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By Olga Livshin

In the course of the past due Soviet interval, many educators, scientists and newshounds believed that
traditional gender roles and norms had replaced, generating bodily or ethically vulnerable males and correspondingly robust ladies. the subsequent research follows the representations of this shift between Soviet nonconformist poets, writers and playwrights within the Nineteen Sixties, Seventies and Eighties.
Social scientists have argued that those perceived adjustments have been defined of their time as
the results of demographic imbalance of guys to girls or the deterioration of men‘s our bodies because of difficulties corresponding to alcoholism. by contrast, this learn exhibits that during nonconformist literature, the overdue Soviet gender predicament was once a response to the Stalinist unitary version of the ―steeled‖ guy, as expressed in tradition and artwork. Authors articulated substitute types of masculinity as a part of a bigger critique of Soviet, essentially Stalinist, civilization.
This dissertation analyzes the prose works of Venedikt Erofeev and Yuz Aleshkovsky,
the poetry of Genrikh Sapgir and Nina Iskrenko, and the prose and performs of Lyudmila
Petrushevskaya. How did those authors build male weak point and feminine power –
physically, mentally, spiritually, or as a mix of all 3 features? Did they decry these
changes or did they valorize them as choices to the Stalinist legacy of ―steeled‖ males? Did the authors position the accountability for the perceived emasculation of the Soviet guy at the nation or at the guy himself?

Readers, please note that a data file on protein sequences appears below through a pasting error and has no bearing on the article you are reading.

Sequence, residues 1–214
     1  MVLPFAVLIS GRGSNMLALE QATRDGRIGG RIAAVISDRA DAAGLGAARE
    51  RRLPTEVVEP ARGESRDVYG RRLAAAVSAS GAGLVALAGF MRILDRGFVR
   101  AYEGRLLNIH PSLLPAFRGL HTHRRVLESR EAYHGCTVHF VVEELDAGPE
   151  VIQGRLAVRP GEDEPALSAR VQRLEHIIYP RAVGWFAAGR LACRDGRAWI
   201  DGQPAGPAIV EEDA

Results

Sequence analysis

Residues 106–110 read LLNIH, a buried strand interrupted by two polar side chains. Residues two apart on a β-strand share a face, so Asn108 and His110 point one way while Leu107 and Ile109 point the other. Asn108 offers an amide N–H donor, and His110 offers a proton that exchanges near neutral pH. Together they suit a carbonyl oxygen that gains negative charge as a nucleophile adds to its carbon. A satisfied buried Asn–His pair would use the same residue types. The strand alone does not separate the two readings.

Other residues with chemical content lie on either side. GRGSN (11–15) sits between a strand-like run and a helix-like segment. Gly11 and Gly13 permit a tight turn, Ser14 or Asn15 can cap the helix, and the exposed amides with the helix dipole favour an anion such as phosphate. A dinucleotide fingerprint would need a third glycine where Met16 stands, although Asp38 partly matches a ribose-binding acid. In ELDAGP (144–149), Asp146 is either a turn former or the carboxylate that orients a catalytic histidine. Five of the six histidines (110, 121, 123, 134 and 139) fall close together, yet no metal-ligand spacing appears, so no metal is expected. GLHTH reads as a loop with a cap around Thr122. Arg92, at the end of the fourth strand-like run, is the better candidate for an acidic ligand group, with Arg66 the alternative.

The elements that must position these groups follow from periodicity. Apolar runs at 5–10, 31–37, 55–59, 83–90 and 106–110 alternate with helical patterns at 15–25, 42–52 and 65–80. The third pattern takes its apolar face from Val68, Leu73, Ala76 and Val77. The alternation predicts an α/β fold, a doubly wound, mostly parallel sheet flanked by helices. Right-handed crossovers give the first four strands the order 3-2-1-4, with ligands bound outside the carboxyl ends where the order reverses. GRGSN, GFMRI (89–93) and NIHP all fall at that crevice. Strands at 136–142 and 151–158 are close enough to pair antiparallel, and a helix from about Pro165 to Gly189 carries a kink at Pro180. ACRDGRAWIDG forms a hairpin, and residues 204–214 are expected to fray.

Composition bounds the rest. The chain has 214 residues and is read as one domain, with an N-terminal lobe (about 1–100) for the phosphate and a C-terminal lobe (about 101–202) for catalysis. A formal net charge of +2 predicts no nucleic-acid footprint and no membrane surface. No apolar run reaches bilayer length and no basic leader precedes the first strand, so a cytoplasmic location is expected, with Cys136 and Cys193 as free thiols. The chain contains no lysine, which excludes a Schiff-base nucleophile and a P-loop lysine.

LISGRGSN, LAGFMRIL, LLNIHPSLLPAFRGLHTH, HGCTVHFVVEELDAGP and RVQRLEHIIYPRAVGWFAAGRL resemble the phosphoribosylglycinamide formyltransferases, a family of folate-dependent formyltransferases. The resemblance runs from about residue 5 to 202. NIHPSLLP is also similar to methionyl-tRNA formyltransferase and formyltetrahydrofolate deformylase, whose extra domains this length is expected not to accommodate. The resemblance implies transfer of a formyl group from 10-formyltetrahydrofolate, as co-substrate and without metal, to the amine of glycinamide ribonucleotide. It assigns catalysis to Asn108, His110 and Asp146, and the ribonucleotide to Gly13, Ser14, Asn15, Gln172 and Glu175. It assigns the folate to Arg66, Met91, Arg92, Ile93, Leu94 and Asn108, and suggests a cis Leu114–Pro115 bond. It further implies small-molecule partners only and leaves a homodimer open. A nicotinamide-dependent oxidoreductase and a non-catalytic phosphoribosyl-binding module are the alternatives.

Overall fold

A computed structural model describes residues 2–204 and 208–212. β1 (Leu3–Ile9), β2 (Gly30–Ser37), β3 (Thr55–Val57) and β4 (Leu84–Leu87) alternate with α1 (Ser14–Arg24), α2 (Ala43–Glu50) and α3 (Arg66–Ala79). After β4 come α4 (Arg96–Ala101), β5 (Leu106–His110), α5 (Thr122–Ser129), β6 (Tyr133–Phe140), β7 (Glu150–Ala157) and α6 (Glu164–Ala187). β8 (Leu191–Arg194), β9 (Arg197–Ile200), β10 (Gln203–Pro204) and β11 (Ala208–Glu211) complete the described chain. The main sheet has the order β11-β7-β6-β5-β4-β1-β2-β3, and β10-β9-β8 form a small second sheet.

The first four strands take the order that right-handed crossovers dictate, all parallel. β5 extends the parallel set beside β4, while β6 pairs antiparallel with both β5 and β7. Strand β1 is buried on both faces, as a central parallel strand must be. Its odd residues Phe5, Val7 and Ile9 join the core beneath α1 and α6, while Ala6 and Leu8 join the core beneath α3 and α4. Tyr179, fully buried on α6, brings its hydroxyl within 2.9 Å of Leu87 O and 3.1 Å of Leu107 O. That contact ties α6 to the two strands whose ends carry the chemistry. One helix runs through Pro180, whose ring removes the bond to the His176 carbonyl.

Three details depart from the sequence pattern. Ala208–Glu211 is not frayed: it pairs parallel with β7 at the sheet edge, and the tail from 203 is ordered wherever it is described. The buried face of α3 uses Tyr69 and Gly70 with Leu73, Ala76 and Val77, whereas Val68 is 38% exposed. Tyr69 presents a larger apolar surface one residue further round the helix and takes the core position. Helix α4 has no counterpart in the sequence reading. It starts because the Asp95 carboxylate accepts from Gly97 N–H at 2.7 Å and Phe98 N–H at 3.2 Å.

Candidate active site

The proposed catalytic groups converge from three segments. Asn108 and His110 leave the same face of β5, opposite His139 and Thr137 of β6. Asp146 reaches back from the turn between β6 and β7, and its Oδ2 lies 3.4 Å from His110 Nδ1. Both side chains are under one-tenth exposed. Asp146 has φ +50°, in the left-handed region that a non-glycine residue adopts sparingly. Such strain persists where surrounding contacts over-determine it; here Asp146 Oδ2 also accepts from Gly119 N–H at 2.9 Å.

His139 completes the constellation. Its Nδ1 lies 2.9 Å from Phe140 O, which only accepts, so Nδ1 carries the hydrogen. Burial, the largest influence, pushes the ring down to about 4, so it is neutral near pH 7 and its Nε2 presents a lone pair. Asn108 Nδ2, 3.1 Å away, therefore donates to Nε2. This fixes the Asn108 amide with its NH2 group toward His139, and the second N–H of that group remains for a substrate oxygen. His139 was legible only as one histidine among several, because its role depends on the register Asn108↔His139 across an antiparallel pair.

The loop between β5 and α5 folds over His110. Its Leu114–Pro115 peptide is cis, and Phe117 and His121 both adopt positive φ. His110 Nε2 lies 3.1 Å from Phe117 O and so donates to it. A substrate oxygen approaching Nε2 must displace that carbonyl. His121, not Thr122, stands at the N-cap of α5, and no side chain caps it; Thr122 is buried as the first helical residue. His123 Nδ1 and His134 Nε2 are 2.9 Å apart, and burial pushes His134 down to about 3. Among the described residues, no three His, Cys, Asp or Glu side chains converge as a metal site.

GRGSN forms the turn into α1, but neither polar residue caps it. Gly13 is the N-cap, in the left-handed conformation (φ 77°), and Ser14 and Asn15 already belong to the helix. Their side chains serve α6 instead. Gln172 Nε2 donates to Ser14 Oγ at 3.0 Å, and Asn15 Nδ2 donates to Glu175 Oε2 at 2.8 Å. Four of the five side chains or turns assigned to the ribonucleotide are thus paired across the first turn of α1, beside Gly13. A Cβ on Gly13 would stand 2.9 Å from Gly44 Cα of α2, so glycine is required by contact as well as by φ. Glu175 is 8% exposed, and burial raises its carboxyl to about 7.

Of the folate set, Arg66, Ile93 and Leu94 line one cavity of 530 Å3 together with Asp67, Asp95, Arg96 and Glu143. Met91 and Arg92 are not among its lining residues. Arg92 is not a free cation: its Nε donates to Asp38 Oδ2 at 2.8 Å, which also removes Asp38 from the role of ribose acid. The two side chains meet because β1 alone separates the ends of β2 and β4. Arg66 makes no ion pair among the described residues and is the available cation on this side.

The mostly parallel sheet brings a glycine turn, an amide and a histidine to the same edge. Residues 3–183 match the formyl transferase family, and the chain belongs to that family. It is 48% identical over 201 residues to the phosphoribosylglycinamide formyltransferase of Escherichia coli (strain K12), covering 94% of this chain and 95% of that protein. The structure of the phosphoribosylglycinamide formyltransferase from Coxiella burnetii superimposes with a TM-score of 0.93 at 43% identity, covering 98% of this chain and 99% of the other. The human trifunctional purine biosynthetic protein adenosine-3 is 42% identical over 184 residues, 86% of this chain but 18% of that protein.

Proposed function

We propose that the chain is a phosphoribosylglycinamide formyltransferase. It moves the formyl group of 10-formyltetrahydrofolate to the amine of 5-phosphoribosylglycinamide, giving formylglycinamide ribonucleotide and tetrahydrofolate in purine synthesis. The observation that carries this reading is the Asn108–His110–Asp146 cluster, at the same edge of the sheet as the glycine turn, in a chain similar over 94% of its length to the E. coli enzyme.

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Additional resources for Alternative Masculinities in Late Soviet Nonconformist Literature, 1958-1991

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Thus, a paradox exists at the core of this study. Although authors search for alternative masculinities, they do not attempt to find a model by which to live. In this way, another strong trend in the work under discussion emerges: its negativism. Late Soviet authors create a recurring antithesis of the masculinity of ―tempered steel‖: the most common male persona in their works is a weak, often alcoholic, sometimes impotent man. In contrast to the salutary nature of non-literary alternative masculinities, such as mountain-climbing, alternative masculinity in late Soviet nonconformist literature is a negative of the Stalin‘s model, and it is deliberately somber.

70 Frances K. Barasch, ―The Grotesque as a Comic Genre,‖ Modern Language Studies 1(1985), p. 4. , p. 6. 72 On Bakhtin‘s function of the body in carnival, see Mikhail Bakhtin, Rabelais and His World, trans. Hélène Iswolsky (Cambridge, MA: MIT Press, 1968), p. 19 and passim. 69 56 ―Icarus‖ juxtaposes several narratives—from ancient Greece, Stalin‘s time, and the Thaw. Sapgir‘s Icarus is a composite creature in a literal as well as metaphorical sense: he is part sculpture, part machine, part man. The splicing of several narratives concerning the nexus between men and technology is postmodern in the sense outlined by Linda Hutcheon.

Mir sovetskogo cheloveka (Moscow: Novoe literaturnoe obozrenie, 2001), pp. 31-32. 54 Olga Berggolts, ―Razgovor o lirike,‖ Literaturnaia gazeta, 16 April, 1953, p. 3. 55 In Yevtushenko‘s poetry of the 1950s and 1960s, the ―I‖ of the poet confesses repeatedly to marital infidelity. ],‖ in Evgenii Aleksandrovich Evtushenko, Medlennaia liubov’ (Moscow: Eksmo, 1997), p. 304. ‖ Yevtushenko‘s readers would recognize these features in particular because they knew he was married to Akhmadulina at the time.

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